The table below shows which SSIS events are captured in the [catalog].[operation_messages] view in the four logging levels.

 

Level Events Notes
None None Captures enough information to say whether the package succeeded or failed, and does not log any messages to the [operation_messages] view.
Basic OnPreValidateOnPostValidate

OnPreExecute

OnPostExecute

OnInformation

OnWarning

OnError

Captures similar information to what is displayed on the console by the default when a package is run with dtexec.
Performance OnWarningOnError This log level is required to track the performance information for the run (how long it took to run each task / component, etc) but does not log all of the events captured by the Basic log level.
Verbose All events The Verbose log level captures all log events (including performance and diagnostic events). This logging level can introduce some overhead on performance – see details blow.

Note that additional information is captured and stored in other tables / views in the SSIS Catalog. For an overview of the Views related to package execution, see Jamie Thomson’s blog post – SSIS Logging in Denali.

When to Use Each Logging Level

None

While the None logging level provides slightly better performance than Basic, I don’t expect that it will be used too often in production environments. This logging level does not capture error and status messages, which makes diagnosing problems difficult. However, if you have Packages Never Fail ™, this logging level might be for you! (Hey, you can always re-run the package with a higher level if something goes wrong…)

Basic

This is the recommended logging level for every day use. It captures important events (like errors and warnings), as well as enough progress information to display what the currently active task is, and how long each task has taken (internally this information is stored in the [catalog].[executable_statistics] view).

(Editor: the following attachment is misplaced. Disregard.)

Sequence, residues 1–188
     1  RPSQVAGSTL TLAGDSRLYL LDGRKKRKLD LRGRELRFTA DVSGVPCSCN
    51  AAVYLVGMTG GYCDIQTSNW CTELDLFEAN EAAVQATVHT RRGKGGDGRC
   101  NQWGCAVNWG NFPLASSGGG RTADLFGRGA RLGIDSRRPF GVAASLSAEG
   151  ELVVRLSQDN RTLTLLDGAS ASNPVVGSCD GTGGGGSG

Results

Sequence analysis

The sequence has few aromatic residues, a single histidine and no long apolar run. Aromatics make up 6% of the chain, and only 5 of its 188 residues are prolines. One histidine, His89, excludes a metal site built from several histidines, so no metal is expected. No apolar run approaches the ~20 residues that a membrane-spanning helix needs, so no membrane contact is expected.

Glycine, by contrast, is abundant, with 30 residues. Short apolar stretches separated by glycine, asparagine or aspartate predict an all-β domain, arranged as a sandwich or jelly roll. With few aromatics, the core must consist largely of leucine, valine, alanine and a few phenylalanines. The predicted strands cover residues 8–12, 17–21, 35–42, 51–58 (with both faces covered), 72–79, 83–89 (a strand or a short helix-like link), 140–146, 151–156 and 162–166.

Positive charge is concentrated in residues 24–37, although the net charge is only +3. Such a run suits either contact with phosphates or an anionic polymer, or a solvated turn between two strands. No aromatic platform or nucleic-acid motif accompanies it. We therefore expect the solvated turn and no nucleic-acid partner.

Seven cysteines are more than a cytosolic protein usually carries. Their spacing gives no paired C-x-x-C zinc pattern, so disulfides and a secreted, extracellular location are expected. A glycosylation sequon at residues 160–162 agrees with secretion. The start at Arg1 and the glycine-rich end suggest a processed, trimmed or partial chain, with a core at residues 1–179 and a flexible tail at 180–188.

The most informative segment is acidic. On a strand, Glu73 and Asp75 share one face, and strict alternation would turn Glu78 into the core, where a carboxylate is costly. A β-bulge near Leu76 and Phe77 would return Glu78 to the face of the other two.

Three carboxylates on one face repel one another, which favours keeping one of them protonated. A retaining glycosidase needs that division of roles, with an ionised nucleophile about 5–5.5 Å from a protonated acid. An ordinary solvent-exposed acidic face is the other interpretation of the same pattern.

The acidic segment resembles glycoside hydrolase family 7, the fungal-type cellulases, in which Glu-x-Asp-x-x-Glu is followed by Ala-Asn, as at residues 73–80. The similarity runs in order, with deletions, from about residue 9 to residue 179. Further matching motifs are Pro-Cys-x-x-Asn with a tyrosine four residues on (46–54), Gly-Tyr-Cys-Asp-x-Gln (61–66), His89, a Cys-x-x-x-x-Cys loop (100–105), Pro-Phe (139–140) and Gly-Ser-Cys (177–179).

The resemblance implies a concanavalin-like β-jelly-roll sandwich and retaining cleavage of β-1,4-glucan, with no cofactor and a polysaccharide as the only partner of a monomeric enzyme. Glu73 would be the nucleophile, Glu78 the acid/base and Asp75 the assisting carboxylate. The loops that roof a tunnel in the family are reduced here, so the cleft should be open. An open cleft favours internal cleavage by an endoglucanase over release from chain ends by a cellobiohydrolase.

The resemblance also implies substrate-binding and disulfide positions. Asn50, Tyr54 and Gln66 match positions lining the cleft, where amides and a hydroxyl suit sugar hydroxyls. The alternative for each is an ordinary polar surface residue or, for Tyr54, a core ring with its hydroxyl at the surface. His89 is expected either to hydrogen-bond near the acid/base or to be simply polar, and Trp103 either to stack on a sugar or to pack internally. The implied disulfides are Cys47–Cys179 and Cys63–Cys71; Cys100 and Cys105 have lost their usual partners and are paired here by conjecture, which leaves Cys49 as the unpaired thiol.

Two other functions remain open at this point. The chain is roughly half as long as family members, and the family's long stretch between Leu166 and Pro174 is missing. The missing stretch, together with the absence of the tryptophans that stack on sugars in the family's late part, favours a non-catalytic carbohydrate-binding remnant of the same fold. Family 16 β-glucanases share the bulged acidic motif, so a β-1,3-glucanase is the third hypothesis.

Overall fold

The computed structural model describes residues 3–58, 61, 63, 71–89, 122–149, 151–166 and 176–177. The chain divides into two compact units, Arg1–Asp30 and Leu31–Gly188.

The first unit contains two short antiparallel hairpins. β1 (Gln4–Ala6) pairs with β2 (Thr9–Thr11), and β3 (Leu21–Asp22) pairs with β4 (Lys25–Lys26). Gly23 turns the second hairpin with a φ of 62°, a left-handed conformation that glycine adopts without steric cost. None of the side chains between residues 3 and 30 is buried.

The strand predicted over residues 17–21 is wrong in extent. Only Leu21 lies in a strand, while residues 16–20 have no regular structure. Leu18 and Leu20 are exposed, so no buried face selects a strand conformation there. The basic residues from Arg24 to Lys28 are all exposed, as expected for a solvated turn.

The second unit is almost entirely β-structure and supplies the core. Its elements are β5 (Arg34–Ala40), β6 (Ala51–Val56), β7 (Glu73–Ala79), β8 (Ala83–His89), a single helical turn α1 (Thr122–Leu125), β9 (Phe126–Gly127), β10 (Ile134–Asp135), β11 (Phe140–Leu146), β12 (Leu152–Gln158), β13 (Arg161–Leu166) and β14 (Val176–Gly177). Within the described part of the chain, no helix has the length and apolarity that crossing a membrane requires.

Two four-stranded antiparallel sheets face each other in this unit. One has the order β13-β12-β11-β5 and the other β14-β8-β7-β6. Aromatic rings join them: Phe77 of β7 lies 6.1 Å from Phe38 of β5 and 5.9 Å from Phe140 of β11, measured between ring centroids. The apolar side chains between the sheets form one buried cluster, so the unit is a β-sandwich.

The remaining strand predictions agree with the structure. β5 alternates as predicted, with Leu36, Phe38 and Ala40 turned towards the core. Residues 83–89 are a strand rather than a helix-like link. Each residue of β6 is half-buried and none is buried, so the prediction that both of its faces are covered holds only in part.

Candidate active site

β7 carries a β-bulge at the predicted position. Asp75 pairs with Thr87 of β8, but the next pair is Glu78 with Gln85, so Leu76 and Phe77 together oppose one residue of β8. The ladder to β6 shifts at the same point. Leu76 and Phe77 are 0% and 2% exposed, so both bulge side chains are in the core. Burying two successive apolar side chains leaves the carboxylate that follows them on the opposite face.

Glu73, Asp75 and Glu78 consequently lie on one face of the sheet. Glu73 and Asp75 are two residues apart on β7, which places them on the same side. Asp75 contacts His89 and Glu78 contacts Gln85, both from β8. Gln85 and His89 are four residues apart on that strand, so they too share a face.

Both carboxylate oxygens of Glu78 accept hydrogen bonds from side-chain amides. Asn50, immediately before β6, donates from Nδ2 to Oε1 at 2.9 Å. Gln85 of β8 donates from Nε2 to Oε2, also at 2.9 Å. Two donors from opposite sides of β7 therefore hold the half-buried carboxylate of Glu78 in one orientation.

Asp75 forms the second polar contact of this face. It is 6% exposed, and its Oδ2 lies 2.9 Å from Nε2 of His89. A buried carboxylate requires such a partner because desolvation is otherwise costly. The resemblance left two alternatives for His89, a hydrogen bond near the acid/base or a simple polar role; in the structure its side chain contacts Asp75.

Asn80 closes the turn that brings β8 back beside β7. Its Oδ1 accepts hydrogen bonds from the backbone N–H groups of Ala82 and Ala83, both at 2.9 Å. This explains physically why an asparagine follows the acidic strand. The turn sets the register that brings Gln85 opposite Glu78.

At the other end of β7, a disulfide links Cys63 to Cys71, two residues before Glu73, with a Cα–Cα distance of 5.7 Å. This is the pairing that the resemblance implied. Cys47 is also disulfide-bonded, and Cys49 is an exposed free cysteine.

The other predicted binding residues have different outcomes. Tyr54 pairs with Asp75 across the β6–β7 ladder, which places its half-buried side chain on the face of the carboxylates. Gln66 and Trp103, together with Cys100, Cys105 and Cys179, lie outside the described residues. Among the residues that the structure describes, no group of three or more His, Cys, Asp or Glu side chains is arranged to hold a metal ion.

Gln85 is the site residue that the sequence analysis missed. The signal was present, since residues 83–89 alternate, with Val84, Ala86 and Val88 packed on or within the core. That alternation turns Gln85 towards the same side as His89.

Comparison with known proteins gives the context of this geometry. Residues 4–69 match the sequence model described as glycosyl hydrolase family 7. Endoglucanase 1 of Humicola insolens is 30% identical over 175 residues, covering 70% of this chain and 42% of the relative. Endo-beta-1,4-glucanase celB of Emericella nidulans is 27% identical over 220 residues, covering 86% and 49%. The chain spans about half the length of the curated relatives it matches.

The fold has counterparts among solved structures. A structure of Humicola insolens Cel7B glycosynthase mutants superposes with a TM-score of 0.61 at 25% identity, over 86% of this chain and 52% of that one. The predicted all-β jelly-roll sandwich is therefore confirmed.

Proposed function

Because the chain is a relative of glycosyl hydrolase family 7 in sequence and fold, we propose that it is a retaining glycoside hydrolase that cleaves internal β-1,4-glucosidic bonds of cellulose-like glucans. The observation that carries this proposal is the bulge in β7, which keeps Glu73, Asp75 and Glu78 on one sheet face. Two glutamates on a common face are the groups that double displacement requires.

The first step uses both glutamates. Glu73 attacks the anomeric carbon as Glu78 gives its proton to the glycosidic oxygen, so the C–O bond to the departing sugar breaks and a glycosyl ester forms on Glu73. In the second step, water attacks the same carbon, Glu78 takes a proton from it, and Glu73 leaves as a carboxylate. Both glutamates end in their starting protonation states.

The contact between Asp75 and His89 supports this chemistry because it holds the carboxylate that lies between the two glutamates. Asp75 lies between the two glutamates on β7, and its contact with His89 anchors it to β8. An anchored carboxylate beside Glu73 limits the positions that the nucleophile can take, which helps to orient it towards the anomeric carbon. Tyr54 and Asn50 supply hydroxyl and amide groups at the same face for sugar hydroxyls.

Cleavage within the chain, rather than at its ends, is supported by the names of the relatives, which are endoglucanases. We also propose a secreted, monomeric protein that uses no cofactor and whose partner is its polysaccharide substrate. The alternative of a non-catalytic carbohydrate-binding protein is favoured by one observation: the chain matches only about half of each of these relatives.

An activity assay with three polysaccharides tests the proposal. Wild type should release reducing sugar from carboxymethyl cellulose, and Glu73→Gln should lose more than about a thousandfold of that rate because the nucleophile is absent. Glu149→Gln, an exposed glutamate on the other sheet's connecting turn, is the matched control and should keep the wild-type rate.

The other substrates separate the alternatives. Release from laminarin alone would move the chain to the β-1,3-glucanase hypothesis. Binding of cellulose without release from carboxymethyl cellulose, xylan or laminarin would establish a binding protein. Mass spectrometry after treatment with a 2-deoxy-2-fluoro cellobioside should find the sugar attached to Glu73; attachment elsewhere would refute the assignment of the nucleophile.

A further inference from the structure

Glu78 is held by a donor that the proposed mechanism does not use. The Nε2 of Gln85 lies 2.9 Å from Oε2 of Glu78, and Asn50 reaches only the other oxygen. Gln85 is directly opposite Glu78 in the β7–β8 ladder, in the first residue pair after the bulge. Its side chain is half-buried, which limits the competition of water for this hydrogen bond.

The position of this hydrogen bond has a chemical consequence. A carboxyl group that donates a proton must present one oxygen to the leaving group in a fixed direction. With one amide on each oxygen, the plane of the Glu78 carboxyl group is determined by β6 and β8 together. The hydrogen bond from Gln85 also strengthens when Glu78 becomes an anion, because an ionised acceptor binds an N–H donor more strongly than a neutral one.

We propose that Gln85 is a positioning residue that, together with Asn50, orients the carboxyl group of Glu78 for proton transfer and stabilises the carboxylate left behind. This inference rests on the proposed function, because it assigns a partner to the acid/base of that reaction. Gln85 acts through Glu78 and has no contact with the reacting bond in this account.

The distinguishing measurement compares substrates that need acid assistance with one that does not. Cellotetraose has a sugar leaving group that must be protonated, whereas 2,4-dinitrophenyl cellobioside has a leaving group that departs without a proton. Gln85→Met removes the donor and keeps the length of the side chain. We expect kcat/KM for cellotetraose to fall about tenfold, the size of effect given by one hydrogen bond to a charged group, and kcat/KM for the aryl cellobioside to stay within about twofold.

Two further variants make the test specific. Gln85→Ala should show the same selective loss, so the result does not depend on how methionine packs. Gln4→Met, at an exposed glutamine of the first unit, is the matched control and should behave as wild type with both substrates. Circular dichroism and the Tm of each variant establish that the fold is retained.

Performance

The Performance log level should be used when you are doing benchmarking and performance tuning for your packages. While it actually logs less messages to the [catalog].[operation_messages] view than Basic, it captures a lot more events internally to analyze the performance of the data flow components. As a result, there is a bit more overhead during execution – packages run with Basic will actually run a little faster than Performance (in this case Performance means “give me all of the performance details”, not “run my packages as fast as you can”).

Verbose

The Verbose logging level captures a lot of events (especially when using OLE DB connections, as they generate many DIAGNOSTIC events). Verbose should only be used when trying to debug or diagnose package failures.

Custom Log Events

The only log level that captures custom log events (i.e. special events that are raised with custom / 3rd party SSIS extensions or scripts) is Verbose. Due to the overhead that the Verbose level introduces, I recommend creating your own custom reports if you need to capture these custom events.